Lessons from Other Safety-First Industries
The seniors housing industry is not the first to encounter safety challenges. Other industries like airlines, manufacturing and food processing have also experienced — and overcome — significant safety challenges. Adopting best practices from other safety-first industries can significantly improve safety.
To get started on the path to a safety-first culture, consider the following best practices.
- Make safety a top-three strategic priority
While safety has always been important to the seniors housing industry, it has not necessarily been considered a top-three strategic priority in the C-suite or governing board. For any safety program to work, it must be a strategic priority on par with financial performance and operational efficiency. Safety starts at the top. If it is important to the C-suite, it will be important to the rank and file.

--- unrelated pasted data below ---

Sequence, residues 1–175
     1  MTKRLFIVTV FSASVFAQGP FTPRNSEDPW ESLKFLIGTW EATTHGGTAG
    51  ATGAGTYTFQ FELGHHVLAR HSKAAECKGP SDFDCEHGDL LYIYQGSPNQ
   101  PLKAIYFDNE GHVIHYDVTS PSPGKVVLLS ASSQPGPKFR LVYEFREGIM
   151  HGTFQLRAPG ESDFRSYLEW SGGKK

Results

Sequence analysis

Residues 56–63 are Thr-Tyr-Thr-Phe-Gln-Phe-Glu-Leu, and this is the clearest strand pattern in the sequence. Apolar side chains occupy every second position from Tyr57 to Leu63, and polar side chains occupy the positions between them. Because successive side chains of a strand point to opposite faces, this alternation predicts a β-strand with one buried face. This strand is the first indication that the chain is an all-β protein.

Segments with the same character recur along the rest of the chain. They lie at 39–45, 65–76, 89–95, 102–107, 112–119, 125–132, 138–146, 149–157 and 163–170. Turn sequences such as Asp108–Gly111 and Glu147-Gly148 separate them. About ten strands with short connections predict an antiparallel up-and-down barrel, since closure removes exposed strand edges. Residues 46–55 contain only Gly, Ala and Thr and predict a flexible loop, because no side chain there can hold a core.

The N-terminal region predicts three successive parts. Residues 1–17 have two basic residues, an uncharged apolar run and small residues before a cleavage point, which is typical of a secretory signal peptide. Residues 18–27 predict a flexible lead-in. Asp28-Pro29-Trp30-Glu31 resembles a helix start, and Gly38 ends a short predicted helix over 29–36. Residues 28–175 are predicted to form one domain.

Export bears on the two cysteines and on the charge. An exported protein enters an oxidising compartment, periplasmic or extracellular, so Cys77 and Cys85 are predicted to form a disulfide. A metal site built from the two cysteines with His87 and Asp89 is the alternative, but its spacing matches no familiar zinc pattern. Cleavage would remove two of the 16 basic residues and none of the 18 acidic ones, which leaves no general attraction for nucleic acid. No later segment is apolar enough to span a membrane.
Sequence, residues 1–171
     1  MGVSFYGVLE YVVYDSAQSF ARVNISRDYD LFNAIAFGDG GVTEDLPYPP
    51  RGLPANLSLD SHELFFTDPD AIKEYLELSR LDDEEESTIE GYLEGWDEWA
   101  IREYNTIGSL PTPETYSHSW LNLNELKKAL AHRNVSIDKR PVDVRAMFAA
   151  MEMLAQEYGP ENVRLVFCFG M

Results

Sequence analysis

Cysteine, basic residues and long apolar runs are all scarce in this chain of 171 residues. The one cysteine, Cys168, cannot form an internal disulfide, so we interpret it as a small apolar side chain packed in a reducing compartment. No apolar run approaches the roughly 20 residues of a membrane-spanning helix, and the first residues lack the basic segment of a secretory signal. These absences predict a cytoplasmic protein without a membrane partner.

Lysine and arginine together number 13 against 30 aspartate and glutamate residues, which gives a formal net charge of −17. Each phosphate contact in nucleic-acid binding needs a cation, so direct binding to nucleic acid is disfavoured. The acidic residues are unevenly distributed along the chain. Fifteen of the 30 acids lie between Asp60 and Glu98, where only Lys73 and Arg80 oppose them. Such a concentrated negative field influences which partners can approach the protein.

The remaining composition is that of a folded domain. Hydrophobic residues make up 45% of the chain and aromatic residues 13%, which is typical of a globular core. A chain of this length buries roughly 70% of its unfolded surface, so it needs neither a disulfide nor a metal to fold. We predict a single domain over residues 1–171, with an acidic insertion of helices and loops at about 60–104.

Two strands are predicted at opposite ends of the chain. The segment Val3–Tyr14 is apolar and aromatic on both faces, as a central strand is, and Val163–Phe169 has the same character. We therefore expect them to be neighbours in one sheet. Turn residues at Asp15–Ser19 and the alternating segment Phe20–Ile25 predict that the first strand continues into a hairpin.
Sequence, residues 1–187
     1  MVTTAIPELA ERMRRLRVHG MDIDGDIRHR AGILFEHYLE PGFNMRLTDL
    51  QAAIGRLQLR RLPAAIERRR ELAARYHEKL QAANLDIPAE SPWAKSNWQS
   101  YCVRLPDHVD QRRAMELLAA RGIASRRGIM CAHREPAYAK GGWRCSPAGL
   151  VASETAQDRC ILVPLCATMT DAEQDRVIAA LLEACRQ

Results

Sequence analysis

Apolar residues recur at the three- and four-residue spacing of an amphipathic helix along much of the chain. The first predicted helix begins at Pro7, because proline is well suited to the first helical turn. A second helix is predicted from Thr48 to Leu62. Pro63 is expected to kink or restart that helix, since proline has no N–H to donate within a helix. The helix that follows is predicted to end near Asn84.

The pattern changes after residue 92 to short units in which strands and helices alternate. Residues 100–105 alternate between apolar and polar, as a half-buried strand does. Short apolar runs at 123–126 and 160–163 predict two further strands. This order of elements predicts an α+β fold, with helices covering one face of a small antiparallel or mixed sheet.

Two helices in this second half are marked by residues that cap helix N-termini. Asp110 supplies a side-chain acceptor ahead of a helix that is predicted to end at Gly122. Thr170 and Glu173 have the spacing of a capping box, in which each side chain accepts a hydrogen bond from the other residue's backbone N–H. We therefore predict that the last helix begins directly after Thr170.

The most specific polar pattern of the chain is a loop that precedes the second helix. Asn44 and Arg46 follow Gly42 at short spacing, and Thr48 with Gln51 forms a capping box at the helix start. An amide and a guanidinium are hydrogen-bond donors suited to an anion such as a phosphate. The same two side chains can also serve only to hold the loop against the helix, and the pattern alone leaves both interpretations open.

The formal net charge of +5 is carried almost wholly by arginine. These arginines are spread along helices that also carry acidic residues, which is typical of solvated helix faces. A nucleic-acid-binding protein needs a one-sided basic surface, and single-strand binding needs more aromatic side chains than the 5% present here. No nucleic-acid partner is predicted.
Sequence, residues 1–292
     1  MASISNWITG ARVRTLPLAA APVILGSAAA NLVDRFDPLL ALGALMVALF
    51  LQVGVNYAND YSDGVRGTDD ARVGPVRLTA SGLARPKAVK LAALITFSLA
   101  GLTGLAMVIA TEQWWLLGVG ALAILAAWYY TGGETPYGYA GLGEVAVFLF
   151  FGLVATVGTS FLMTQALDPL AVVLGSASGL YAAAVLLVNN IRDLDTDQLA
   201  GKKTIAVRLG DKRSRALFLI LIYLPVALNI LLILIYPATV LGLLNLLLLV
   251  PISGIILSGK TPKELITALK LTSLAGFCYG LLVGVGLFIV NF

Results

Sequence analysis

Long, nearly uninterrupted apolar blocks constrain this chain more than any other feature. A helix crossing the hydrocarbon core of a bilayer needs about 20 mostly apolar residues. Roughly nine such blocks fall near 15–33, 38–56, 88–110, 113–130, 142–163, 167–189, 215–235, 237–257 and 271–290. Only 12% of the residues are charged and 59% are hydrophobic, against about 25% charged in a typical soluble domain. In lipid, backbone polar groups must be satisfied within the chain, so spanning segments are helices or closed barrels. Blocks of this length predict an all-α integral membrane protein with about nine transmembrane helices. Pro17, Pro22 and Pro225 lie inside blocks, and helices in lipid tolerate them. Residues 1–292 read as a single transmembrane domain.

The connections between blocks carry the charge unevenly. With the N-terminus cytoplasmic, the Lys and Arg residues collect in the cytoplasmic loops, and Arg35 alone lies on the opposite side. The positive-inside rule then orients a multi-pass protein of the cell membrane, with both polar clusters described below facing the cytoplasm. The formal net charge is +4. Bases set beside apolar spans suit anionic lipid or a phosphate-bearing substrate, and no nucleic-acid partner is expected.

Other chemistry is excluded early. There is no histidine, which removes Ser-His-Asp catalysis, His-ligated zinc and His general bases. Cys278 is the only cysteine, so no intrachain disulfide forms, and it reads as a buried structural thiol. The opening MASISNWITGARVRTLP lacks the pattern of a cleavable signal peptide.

- Avoid managing safety in silos
Safety must be managed holistically, not at the department/functional level. This means identifying risks facility-wide, building safety processes that span the entire operation, and deploying systems that monitor all safety processes and incidents. A 360-degree approach must consider all risk factors and be supported by a continual improvement process that drives higher levels of safety and lower levels of risk.
- Don’t limit safety risk assessments
Every safety program must start with a comprehensive assessment of risk factors. The process should be strategic, comprehensive and imaginative (i.e., consider black swan events).
Ideally, these assessments are built by safety experts, operations experts, government guidelines and industry recommendations, with input from frontline employees who are closest to the action. Assessments should be updated regularly as new risks emerge.